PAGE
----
There is growing evidence that some air pollution constituents perturb fetal development. Some studies point to motor vehicle exhaust pollutants specifically as causative agents of interest. However, to date almost all existing studies have focused on criteria air pollutants (CO, NOx, particles, SO2) rather than specific air toxics and have used data from existing government air monitors to assess exposure. These air monitoring data are unlikely to adequately capture the effects of primary motor vehicle exhaust pollutants whose concentrations vary based on proximity to sources. Land use-based regression (LUR) models are an attractive alternative to assess exhaust toxin exposures, since they can be applied to large populations and account for neighborhood- scale variations in pollutant concentrations. Thus, the specific aims of this study are to: (1) examine associations between prenatal exposure to motor vehicle air toxics and low birth weight (LBW) and preterm birth in women residing in Los Angeles County, California between 1994-2006 using both ambient measurement data and LUR models;and (2) gain information about how LUR models built on NOx measurements reflect exposures to specific toxins thought to have biological relevance for these outcomes. Specifically, using existing data sources, we will examine associations between the exhaust toxins polycyclic aromatic hydrocarbons (PAHs), benzene, and metals and adverse birth outcomes in an epidemiologic cohort study. We will assess pregnancy-specific exposures to these compounds using a unique resource of air toxics monitoring data from existing government networks coupled with special measurement studies recently conducted in LA. We will also apply LUR models we are currently developing for the LA Basin based on NOx measurements (as a tracer for vehicle exhaust) to obtain more spatially refined exposure metrics. Using data from a nested case-control sample of LA County births we previously collected in 2003, we will also examine confounding of air pollution effect estimates by a large number of risk factors for which information is not available on birth certificates. These data will also allow us to examine exposure misclassification due to mobility during pregnancy. The proposed study will contribute significantly to understanding the spatial patterns of motor vehicle toxin exposure among pregnant women in LA County, a region heavily polluted by vehicular emissions. Information will be generated on the association between NOx-based traffic pollutant models, increasingly used in health effects assessment, and measured air toxics concentrations. Most important, we expect the findings to enhance our understanding of whether motor vehicle air toxics are the primary drivers of associations between fetal development and criteria air pollutants (CO and particles) observed in previous studies. If the proposed pilot study is able to pinpoint specific toxins of greater relevance to birth outcomes, future research using personal and biomonitoring would be able to target these compounds.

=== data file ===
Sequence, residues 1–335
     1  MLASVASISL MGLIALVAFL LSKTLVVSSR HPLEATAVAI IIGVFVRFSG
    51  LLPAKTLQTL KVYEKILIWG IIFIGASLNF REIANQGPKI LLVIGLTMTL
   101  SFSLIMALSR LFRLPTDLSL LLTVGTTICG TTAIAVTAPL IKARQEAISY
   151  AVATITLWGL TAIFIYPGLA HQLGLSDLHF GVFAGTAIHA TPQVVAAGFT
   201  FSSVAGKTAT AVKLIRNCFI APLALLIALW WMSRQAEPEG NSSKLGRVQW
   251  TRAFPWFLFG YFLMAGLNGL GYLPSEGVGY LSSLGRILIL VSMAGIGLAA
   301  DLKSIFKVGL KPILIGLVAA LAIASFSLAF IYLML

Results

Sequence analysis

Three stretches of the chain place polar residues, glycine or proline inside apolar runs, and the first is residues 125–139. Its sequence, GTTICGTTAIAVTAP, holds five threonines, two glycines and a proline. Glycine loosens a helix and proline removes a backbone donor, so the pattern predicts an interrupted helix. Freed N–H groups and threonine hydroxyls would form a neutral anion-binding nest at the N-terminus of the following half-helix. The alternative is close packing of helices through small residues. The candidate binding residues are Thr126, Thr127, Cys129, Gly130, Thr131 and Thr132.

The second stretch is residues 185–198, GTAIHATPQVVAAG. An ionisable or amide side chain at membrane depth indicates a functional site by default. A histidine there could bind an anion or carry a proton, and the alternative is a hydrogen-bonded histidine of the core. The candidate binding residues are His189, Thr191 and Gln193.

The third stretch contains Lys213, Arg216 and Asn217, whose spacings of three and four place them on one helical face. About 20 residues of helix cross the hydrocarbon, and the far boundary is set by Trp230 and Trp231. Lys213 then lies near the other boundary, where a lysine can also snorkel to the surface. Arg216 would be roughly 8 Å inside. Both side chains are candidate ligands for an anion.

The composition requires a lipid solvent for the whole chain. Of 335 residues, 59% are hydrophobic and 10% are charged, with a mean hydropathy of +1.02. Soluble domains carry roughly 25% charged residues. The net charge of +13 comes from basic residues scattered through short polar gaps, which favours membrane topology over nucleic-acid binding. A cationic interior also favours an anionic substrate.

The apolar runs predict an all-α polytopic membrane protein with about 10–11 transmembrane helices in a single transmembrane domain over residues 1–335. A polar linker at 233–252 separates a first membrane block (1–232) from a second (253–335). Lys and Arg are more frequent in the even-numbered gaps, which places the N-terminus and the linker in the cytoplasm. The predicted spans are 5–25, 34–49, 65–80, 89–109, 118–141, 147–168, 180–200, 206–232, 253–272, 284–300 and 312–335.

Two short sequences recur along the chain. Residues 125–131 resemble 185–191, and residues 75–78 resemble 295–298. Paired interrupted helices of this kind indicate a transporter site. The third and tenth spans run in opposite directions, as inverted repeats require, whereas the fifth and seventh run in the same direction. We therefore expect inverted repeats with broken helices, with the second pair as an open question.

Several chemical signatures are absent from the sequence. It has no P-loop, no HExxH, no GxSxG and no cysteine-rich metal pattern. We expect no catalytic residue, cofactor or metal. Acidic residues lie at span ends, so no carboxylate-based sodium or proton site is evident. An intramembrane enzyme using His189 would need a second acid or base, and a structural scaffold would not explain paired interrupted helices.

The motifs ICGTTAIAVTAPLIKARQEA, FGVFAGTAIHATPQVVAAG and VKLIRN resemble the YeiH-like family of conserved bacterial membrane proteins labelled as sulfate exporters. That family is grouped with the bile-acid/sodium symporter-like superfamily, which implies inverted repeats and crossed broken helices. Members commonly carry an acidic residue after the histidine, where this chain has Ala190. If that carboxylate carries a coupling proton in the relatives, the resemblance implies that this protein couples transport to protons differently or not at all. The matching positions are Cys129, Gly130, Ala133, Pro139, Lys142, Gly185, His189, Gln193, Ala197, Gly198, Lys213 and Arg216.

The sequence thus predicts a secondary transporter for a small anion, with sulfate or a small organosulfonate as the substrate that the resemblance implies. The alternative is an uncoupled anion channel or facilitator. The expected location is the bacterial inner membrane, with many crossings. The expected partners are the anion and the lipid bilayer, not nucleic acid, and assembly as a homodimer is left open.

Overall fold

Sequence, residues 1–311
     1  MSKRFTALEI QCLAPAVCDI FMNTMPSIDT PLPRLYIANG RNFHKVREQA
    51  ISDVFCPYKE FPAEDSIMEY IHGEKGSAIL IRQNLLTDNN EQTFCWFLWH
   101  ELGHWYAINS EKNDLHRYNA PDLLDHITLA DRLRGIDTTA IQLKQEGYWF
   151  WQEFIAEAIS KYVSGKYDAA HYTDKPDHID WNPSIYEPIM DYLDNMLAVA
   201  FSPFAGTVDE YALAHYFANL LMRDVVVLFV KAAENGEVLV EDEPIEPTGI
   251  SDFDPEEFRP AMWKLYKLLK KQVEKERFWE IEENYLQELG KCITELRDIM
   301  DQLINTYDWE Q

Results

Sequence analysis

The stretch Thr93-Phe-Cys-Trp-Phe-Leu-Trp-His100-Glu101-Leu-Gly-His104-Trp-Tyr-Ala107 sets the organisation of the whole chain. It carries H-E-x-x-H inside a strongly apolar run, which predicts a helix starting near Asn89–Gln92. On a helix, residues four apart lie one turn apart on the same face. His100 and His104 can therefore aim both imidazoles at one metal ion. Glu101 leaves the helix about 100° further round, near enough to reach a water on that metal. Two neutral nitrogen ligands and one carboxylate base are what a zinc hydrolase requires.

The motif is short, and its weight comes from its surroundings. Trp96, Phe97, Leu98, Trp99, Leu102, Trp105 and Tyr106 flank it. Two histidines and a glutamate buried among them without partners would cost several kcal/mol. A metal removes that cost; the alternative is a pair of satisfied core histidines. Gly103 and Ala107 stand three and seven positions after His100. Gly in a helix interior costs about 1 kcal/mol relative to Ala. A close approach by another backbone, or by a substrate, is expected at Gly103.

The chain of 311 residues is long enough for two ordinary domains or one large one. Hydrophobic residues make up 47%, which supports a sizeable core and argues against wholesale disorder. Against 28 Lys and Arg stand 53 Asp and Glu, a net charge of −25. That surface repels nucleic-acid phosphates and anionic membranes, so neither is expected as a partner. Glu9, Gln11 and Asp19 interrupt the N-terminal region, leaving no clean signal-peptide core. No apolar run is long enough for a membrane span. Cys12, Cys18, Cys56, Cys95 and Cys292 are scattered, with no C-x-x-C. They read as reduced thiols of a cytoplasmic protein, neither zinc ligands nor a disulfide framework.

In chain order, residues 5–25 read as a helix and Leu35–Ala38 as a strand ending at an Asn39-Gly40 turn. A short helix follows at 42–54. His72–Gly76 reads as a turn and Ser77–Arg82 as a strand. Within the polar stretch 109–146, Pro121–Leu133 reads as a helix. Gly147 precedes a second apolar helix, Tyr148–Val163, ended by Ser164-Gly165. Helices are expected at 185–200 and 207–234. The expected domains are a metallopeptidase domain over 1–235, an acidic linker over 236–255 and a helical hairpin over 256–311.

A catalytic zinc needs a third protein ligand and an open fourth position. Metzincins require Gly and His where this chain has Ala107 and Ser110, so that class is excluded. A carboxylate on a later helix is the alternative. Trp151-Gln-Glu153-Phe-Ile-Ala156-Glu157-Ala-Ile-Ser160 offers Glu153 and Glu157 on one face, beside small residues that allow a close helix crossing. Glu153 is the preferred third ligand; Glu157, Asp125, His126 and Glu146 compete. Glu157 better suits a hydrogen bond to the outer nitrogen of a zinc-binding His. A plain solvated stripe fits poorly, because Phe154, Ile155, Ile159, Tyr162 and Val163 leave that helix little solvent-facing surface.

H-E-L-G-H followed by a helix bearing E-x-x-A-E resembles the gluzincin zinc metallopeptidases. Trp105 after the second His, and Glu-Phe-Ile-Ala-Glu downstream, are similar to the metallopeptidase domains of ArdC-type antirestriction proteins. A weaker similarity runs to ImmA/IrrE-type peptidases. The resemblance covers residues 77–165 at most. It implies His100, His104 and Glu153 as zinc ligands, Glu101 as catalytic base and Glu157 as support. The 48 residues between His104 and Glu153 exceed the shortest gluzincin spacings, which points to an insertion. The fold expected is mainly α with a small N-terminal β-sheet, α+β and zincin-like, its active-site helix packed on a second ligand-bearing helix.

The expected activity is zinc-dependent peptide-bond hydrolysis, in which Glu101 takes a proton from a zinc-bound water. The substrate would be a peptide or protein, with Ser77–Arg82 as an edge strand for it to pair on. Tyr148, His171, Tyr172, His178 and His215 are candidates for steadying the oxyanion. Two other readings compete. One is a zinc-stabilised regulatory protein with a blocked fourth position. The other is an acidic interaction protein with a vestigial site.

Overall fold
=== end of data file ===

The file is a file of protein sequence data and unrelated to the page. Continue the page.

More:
Perturbations of fetal development, including preterm and low weight birth, elevate the risk of mortality and morbidity in childhood, and may also impact health in adulthood increasing the risk for cardiovascular disease and diabetes. The expected growth in motor vehicle usage in both developed and developing countries underscore the public health relevance of traffic sources of air pollution and their impact on fetal development.
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